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Hey there, time traveller!
This article was published 16/4/2010 (3770 days ago), so information in it may no longer be current.
Just over a decade has passed since the use of genetically modified crops on Prairie farms became widespread.
Although farmers have wholeheartedly embraced them, some of the downsides predicted by early critics -- which were pooh-poohed by the experts -- have also turned out to be true.
It turns out, cross-contamination does occur between genetically modified (GM) and non-GM crops, such as the spread of volunteer herbicide-resistant canola genes into other farmers' fields.
It can also take place in the lab -- as illustrated by the seepage of GM-variety CDC Triffid flax into the Prairie flax seed supply.
Secondly, when this occurs, market repercussions are likely. Despite its widespread popularity with farmers, and apathy among North American consumers, there has been little progress over the past decade persuading significant export markets, such as Europe, to accept the technology.
Another concern was that these cropping systems could give rise to more herbicide-resistant weeds. That has also proven true. Since the release of Roundup Ready crops, there have been 17 weed species worldwide that have developed resistance to the key ingredient of Roundup, glyphosate. Just recently, Canada's first known resistant population -- giant ragweed -- was confirmed in Ontario.
This trend reduces glyphosate from a non-selective herbicide, meaning farmers only need to use one product, to a selective one, which means farmers must use it in conjunction with other products. In other words, they may need to use more herbicides or use more tillage, which runs counter to conservation farming ideals.
But perhaps the most significant developments of late relate to control over the seed supply. Critics who fretted control would fall into the hands of a few large multinationals were written off 10 years ago as paranoid and anti-progress.
Maybe they were. But they were also right. Farmers have seen some vivid examples of late about just how that is affecting how they operate.
For starters, they don't dare grow seed containing a company's technology unless they have that company's permission, which also gives the company the right to inspect their fields and bins. If they are found to be in breach of their contract, they run the risk of not getting another one, which limits their access to seed.
It's controlling all right, but it's not all bad. The companies involved with Bt-corn, which has a built-in insecticide, were virtually ordered by an industry committee recently to crack down on farmers who were not adhering to the requirements to maintain non-Bt insect refuges.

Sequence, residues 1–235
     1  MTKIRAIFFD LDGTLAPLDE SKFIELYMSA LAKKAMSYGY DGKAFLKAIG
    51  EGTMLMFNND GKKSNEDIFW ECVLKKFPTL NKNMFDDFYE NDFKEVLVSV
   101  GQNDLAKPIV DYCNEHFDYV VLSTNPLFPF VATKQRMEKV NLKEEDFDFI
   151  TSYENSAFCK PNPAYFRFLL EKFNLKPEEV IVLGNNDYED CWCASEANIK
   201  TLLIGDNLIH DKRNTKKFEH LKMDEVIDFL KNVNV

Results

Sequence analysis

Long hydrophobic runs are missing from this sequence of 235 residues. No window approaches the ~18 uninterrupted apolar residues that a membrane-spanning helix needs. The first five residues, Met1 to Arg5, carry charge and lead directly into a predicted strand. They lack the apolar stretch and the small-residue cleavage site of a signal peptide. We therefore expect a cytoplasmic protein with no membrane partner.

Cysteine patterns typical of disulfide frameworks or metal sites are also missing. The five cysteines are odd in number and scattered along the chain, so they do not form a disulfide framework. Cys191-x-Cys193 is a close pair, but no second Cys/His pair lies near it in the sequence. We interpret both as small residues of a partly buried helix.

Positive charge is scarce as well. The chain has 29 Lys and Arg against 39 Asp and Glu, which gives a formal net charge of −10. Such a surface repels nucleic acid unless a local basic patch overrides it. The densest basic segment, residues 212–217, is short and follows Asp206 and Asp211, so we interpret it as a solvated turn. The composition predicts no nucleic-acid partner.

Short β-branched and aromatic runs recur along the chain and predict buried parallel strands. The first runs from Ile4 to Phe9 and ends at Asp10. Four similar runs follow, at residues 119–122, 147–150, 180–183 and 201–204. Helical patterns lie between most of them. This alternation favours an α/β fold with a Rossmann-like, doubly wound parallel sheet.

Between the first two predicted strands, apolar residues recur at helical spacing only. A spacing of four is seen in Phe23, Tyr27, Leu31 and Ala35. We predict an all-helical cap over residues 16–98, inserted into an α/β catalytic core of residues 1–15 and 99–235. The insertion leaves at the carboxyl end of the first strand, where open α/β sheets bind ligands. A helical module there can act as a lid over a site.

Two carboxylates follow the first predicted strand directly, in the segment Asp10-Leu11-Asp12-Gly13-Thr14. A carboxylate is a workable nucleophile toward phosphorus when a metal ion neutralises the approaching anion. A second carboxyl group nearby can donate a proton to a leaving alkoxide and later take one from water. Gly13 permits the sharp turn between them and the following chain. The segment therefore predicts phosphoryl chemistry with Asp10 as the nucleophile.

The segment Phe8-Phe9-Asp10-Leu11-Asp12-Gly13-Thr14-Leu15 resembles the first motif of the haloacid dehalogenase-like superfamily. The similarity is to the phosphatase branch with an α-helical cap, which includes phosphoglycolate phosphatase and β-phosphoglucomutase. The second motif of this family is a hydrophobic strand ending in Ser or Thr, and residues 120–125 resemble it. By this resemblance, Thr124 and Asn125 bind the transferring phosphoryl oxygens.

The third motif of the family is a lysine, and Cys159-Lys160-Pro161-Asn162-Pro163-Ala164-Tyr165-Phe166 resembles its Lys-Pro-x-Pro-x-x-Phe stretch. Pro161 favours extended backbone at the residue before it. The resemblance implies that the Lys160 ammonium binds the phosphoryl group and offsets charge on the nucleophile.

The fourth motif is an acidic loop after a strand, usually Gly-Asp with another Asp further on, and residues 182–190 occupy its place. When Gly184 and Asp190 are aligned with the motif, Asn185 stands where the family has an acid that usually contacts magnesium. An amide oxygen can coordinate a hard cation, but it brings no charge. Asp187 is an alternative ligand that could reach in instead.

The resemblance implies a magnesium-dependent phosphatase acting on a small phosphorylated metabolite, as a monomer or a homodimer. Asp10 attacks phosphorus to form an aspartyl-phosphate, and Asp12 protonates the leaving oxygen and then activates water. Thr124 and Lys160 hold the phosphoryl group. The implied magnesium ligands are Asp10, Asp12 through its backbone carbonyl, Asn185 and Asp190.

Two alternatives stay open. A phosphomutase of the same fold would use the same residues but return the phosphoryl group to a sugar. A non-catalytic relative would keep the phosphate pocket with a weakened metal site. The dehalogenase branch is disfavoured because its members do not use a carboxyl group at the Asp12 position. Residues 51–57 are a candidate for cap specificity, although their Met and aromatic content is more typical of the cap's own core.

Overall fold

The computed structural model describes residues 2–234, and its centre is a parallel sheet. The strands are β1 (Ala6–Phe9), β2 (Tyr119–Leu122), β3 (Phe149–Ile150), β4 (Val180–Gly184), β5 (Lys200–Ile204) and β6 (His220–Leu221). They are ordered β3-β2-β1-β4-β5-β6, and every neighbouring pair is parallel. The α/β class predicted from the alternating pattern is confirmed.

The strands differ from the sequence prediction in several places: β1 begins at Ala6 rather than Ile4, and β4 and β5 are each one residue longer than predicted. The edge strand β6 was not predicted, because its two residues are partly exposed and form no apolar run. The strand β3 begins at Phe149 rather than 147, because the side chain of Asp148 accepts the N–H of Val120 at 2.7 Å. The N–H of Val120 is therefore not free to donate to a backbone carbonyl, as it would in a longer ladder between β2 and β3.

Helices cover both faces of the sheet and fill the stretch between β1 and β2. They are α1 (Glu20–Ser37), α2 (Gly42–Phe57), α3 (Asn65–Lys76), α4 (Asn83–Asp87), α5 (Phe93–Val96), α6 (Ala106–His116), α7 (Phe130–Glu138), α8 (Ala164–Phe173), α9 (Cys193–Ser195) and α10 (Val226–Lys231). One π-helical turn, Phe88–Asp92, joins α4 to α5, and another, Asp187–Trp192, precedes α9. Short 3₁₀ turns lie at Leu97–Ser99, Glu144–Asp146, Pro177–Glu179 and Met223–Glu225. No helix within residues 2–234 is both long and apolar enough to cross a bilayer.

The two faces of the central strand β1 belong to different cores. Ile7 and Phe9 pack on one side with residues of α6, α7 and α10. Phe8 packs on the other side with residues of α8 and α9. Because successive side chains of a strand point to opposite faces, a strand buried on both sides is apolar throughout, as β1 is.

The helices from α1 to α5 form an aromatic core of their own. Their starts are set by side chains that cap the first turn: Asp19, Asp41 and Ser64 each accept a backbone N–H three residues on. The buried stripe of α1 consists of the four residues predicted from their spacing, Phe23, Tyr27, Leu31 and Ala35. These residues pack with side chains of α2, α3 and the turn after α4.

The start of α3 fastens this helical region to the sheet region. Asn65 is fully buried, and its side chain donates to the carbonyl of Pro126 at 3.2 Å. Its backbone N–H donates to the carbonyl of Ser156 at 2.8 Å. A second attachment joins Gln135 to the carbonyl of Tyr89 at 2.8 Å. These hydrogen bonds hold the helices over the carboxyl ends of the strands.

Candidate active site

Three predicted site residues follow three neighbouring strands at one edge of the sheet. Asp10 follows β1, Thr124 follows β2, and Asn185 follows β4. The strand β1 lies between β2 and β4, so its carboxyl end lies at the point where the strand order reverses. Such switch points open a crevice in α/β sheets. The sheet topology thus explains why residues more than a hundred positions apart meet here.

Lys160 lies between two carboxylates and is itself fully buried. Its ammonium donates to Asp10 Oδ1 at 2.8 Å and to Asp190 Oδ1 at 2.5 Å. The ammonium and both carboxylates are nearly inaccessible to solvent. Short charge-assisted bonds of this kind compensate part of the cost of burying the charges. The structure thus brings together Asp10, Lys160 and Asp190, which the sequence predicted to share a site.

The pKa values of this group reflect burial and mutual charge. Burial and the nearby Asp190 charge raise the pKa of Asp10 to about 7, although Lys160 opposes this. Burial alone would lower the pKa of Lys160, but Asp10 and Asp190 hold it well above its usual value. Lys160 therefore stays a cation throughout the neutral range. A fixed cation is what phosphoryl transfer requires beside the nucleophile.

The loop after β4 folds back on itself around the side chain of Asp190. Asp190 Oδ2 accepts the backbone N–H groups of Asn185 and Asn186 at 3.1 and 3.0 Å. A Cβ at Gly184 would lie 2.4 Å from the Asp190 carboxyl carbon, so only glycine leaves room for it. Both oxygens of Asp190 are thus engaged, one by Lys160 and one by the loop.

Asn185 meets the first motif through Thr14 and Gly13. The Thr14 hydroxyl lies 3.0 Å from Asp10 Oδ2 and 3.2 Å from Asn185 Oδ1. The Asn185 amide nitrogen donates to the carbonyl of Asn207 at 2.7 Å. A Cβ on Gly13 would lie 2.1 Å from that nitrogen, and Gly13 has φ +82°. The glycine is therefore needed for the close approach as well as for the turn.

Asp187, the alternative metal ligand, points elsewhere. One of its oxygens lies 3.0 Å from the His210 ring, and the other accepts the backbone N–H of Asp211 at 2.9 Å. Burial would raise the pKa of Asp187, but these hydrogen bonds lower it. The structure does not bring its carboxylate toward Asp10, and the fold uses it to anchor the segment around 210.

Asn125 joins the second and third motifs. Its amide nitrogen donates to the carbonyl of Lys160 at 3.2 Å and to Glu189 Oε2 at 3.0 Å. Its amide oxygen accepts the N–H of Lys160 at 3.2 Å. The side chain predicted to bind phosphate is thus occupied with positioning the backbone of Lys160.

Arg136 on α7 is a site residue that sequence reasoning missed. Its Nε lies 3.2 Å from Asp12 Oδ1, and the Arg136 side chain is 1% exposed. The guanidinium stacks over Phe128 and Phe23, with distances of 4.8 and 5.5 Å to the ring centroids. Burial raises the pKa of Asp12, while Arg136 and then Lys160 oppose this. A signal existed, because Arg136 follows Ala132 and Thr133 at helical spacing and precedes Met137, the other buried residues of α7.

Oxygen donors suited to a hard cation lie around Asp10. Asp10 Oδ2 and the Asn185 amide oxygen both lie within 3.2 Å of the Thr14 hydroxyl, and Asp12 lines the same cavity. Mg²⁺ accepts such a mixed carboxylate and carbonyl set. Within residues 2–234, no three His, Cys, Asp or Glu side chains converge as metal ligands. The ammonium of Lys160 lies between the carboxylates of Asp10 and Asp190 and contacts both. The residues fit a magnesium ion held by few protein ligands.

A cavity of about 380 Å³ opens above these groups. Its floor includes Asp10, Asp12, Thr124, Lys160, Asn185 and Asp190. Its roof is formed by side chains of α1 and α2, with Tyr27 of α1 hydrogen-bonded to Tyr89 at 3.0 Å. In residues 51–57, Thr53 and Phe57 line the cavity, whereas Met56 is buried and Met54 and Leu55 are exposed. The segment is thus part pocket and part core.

Refuges are important when growing insect-resistant corn because they maintain a small population of non-resistant insects, which then dilute resistant traits that will eventually develop in the general population.
Compliance with the protocols had dropped to 61 per cent in 2009 from 80 per cent five years ago. Because the companies hold a pretty big compliance hammer -- access to seed -- it's likely that trend will be reversed, pronto.
Less positive, at least from farmers' and the public's perspective, is the decision recently by many of Canada's canola seed developers to stop entering their canola varieties into annual independent yield performance trials conducted over a wide geographic base.
Their stated reason was the trial plots were too small to adequately reflect their variety's performance. However, industry observers familiar with objective testing say a more likely explanation is the plot trial results undermined corporate marketing programs.
Because one company's varieties have consistently outperformed the others in recent years, it's like entering a horse race knowing someone else will win.
The big losers here are the farmers, who are now left with the companies' say-so when trying to select varieties that will work best on their farms. They can still turn to crop insurance data, which is based on farmers' actual experience with varieties in their area, but that doesn't help them when looking at new varieties coming to market.
Even more insidious are recent reports the companies won't allow independent researchers to explore questions surfacing about this technology's longer-term environmental effects.
Reuters reported that 26 leading academic entomologists complained to the U.S. Environmental Protection Agency last year that they are restricted from doing independent research by technology agreements companies attach to every bag of biotech seed.
"No truly independent research can be legally conducted on many critical questions regarding the technology," the scientists said in their statement.
The companies are, after all, simply looking after shareholders' interests, which they are legally obligated to do. The question for government regulators, however, is whether that is consistent with protecting the public interest.
Laura Rance, editor of the Manitoba Co-operator, can be reached at 792-4382 or by email:
Laura Rance is editorial director at Farm Business Communications.
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